When Lionel Messi sat on the turf, ruefully accepting that an injury to his left knee would end his involvement in Barcelona’s Liga match against Las Palmas on September 26, the pensive looks written across the faces of his team-mates and the Camp Nou faithful told a clear story.
Barcelona might be Europe’s dominant 21st century club, bursting with talented individuals, but they rightly fear operating without their extraordinary ringmaster, who is finally set to return in Saturday’s Clasico trip to Real Madrid.
In every great achievement from the club’s recent history, from the tiki-taka perfection of the Pep Guardiola era to the repeat of their 2008-09 treble last season that mixed these fundamentals with more direct, aggressive attacking play, all-time record goalscorer Messi stands tall.
The great Argentine’s relative drop-off in form for much of the 2013-14 season – 41 goals in 46 club matches and 16 assists would mark a career-defining return for almost any other player – resulted in Barca ending the campaign without a major trophy.
With Messi back to his imperious best last term – 57 games, 58 goals, 31 assists – Luis Enrique’s team swept all before them.
Unfortunately for the Catalan faithful, at the time of Messi’s injury, the current season was developing an uneasy air of 2013-14 all over again.
The Las Palmas match came three days after Celta Vigo dealt out a chastening 4-1 defeat, as Barca found themselves in the wholly unfamiliar position of being outdone in terms of attacking verve and ingenuity. Before that, points were dropped at Roma in the Champions League and Athletic Bilbao claimed the Spanish Super Cup to avenge their May Copa Del Rey final loss.
If there was ever an inopportune time to lose Messi for two months with knee ligament damage, this was it.
Initially a footnote to the story of the fallen hero, Luis Suarez’s brace to secure a 2-1 win over the Canary Islanders was actually the start of something far more significant.
The feted ‘MSN’ forward line became a duo and Brazil superstar Neymar and Suarez set about shouldering a considerable burden with gusto.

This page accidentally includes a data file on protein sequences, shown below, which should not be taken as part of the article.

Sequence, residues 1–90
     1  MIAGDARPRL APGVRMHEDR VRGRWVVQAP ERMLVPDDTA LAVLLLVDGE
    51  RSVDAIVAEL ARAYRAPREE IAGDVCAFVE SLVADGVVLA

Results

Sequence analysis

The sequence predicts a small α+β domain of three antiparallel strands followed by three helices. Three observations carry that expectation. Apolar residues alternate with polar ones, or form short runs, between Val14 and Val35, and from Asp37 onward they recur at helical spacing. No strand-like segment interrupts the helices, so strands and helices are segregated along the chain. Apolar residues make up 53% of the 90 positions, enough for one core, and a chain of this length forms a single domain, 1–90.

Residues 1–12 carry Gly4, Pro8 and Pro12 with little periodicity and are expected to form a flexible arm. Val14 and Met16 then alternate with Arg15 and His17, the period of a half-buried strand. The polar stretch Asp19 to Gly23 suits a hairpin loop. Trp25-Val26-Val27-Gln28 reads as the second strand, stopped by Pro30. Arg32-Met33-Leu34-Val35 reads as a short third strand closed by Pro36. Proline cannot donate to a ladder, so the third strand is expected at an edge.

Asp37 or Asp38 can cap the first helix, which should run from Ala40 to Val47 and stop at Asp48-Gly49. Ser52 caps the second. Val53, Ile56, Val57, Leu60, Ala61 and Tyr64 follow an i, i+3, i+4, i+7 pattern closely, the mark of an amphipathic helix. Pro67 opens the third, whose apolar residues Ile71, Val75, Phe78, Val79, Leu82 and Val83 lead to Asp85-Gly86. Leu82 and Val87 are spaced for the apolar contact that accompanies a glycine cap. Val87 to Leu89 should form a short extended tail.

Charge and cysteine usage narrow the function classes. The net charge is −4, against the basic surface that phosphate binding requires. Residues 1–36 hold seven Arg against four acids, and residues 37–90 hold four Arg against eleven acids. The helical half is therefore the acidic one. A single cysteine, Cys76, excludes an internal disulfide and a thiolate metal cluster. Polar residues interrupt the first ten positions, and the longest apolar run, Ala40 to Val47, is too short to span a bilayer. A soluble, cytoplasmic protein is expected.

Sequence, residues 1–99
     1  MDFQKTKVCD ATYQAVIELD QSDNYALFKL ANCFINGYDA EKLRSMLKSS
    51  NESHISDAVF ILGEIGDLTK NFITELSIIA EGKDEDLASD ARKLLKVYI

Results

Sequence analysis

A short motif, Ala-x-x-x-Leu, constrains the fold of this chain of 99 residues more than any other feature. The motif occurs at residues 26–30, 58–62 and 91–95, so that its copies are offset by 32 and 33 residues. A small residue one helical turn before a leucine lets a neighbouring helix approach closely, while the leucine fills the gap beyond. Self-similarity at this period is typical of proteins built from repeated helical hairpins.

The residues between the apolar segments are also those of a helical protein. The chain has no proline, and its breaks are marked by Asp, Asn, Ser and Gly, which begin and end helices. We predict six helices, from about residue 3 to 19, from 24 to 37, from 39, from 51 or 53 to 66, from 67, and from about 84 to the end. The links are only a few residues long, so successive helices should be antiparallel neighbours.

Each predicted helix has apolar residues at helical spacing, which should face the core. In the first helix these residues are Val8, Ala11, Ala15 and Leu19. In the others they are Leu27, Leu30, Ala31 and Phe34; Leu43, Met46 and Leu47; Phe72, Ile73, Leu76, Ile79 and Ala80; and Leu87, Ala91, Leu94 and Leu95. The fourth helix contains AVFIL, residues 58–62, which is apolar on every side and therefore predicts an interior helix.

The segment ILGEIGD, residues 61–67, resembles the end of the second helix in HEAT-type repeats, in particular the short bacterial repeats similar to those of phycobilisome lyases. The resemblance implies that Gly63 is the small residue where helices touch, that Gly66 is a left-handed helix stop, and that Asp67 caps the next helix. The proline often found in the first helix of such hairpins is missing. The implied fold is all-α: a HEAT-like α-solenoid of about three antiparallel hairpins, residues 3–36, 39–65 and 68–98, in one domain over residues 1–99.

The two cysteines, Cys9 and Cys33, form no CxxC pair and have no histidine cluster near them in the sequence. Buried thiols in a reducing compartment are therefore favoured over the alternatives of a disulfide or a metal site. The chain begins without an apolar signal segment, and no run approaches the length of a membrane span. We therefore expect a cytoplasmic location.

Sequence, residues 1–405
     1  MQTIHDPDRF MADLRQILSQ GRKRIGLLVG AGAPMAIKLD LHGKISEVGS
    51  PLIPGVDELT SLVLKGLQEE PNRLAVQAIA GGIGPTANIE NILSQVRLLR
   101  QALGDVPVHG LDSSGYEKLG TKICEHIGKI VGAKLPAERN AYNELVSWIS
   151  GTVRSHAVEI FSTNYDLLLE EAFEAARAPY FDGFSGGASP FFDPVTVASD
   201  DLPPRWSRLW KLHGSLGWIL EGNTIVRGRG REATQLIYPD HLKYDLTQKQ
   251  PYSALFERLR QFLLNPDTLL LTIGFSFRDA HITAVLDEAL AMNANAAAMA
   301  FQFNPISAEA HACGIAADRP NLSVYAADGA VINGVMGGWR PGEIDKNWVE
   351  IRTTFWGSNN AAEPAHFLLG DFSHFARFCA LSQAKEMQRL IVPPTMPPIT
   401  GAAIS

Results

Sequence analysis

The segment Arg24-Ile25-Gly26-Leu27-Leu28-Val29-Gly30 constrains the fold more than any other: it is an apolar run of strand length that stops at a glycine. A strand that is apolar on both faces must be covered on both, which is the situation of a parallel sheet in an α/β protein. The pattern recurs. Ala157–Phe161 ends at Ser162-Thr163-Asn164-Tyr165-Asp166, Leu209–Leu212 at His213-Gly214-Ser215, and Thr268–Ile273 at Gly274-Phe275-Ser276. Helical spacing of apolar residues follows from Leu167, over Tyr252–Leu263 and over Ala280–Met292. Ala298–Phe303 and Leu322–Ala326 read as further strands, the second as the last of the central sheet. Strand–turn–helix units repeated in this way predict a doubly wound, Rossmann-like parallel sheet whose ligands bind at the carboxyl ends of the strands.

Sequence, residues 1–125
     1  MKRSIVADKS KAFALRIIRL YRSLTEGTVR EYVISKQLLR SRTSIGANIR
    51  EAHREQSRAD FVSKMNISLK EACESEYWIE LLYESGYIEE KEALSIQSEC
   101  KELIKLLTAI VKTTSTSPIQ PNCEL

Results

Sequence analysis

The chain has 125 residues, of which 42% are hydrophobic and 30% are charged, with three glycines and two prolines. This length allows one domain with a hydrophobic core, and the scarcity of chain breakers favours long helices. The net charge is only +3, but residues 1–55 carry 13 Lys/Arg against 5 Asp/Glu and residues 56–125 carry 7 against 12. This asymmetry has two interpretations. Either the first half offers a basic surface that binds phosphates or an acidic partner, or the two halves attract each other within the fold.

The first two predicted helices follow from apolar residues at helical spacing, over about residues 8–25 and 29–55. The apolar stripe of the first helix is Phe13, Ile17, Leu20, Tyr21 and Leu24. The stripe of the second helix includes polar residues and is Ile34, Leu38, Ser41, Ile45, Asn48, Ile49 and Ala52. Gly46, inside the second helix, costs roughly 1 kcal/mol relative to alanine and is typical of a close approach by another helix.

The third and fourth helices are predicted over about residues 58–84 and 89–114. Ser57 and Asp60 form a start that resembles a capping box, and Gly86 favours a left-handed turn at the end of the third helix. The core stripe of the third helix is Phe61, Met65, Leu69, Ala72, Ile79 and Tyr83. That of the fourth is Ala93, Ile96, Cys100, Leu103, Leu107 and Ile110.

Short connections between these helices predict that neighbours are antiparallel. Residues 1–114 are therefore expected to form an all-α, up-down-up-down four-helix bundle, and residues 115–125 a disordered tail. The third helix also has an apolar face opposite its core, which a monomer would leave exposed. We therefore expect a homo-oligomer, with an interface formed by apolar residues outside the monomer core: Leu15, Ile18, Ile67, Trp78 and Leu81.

Across all competitions this season, Neymar and Suarez have 13 goals and six assists apiece, while they are responsible for 20 of Barcelona’s 25 Liga goals.
The pair’s on-field understanding continues to flourish and, since Messi’s injury, all Liga assists by Neymar have led to Suarez goals and vice-versa.
“The injury [to Messi] has shown that Neymar and Suarez are able to carry the team on their backs,” said former Barca and Real striker Alfonso Perez in Marca ahead the Bernabeu showdown.
The star forwards are not without a supporting cast.
If Neymar’s audacious solo volley against Villarreal earlier this month provides the highlight on Barcelona’s season showreel to date, Sergi Roberto’s pirouetted backheel assist to Suarez in the win at Getafe comes a close second.
The versatile Roberto has enjoyed a breakout campaign, standing out as the latest graduate of the club’s La Masia academy who appears to have been born with a ball at his feet.
At his best, the 23-year-old calls to mind Xavi’s effortless poise – the midfield maestro who was the central cog in Barcelona and Spain’s tiki-taka revolution.
Astonishingly, Xavi’s departure before the 2014-15 campaign was not keenly felt due to Ivan Rakitic’s majestic maiden season at Camp Nou. The Croatia midfielder, like Messi pursuing a return from injury to face Madrid, demonstrates that there should always be life after the greats for Barcelona.
Media speculation this week has linked Messi to a largely unimaginable switch to the Premier League. Whether he leaves through glorious retirement or a gripping transfer saga, Messi’s eventual departure will undoubtedly shake Barcelona’s modern world of supreme footballing artistry to its core.
But over recent weeks, Neymar and Suarez have demonstrated that world will keep turning.